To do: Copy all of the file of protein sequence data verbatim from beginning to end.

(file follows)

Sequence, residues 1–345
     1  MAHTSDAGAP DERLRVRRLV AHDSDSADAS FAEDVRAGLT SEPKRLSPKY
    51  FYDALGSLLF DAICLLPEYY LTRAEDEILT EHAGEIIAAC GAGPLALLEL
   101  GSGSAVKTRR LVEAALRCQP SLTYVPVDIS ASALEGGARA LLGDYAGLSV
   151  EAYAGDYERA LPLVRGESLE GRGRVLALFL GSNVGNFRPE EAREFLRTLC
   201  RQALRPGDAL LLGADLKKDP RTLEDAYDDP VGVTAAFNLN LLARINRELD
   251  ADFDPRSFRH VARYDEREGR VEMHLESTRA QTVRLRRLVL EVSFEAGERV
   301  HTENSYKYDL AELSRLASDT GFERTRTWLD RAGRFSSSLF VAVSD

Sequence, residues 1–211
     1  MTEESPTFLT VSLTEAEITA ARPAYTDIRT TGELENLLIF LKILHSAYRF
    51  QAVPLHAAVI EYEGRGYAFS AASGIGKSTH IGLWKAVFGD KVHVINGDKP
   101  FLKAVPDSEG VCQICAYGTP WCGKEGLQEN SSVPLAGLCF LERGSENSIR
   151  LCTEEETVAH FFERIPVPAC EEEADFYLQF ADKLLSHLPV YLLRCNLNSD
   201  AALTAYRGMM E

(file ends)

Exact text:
Sequence, residues 1–345
     1  MAHTSDAGAP DERLRVRRLV AHDSDSADAS FAEDVRAGLT SEPKRLSPKY
    51  FYDALGSLLF DAICLLPEYY LTRAEDEILT EHAGEIIAAC GAGPLALLEL
   101  GSGSAVKTRR LVEAALRCQP SLTYVPVDIS ASALEGGARA LLGDYAGLSV
   151  EAYAGDYERA LPLVRGESLE GRGRVLALFL GSNVGNFRPE EAREFLRTLC
   201  RQALRPGDAL LLGADLKKDP RTLEDAYDDP VGVTAAFNLN LLARINRELD
   251  ADFDPRSFRH VARYDEREGR VEMHLESTRA QTVRLRRLVL EVSFEAGERV
   301  HTENSYKYDL AELSRLASDT GFERTRTWLD RAGRFSSSLF VAVSD

Sequence, residues 1–211
     1  MTEESPTFLT VSLTEAEITA ARPAYTDIRT TGELENLLIF LKILHSAYRF
    51  QAVPLHAAVI EYEGRGYAFS AASGIGKSTH IGLWKAVFGD KVHVINGDKP
   101  FLKAVPDSEG VCQICAYGTP WCGKEGLQEN SSVPLAGLCF LERGSENSIR
   151  LCTEEETVAH FFERIPVPAC EEEADFYLQF ADKLLSHLPV YLLRCNLNSD
   201  AALTAYRGMM E